It works. And how. Furthermore, there is no way Sky Captain could work in any other form. This is a movie that is literally luminous, with lush visuals firmly anchoring the story in the retro-futuristic art deco world the 1930s should have been. From the opening scenes, with the Hindenburg III cruising in to New York to dock with the airship mooring mast atop the Empire State Building, it's clear this is a world apart, a sepia-tinged dreamland steeped in a deep love for the Golden Age of Hollywood. The only film that comes close to encompassing that same atmosphere is 1991's sadly underrated "The Rocketeer," and Conran has acknowledged that earlier film's influence. While the two pictures share the same general conceit-—how our past should have been-—they approach that idea from radically different directions. Whereas "The Rocketeer" strove for verisimilitude and interwove the fantastic as tightly as possible with the everyday reality of history, Sky Captain discards reality entirely and rebuilds the world from the ground up, opting instead for a science fiction fantasy world of breathtaking beauty and texture. It simply feels right.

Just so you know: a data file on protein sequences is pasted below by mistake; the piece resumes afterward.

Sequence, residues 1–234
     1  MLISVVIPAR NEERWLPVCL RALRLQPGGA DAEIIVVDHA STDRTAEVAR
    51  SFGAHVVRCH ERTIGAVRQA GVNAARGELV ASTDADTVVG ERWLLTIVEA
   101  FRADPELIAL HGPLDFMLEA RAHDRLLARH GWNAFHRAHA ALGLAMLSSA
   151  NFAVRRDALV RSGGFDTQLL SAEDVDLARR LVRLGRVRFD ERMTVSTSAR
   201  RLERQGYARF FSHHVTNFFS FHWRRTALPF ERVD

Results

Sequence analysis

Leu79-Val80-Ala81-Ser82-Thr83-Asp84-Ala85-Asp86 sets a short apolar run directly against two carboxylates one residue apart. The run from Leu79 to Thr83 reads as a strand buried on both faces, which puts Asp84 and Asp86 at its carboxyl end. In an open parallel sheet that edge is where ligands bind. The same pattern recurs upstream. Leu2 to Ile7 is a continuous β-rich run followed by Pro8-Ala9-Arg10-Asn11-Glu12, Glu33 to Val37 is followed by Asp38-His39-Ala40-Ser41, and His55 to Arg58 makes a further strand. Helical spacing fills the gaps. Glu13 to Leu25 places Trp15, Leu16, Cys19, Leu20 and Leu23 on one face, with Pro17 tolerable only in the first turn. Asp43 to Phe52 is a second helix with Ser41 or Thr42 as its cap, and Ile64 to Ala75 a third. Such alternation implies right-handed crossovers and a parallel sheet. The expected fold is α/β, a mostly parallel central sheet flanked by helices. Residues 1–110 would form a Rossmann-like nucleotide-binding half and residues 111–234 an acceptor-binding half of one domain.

Also, I have a new music review up over at Green Man Review. I used to do quite a few music reviews, but have gotten away from them of late. This is my return to the form. Anyone who has a love for the old Clint Eastwood spaghetti westerns or Terry Gilliam's "Brazil" will want to check out my review of Andean Fusion's Andean Sounds for the World vol. VII. It's a disc I listen to a lot.
Now Playing: Kirov Orchestra White Nights: Romantic Russian Showpieces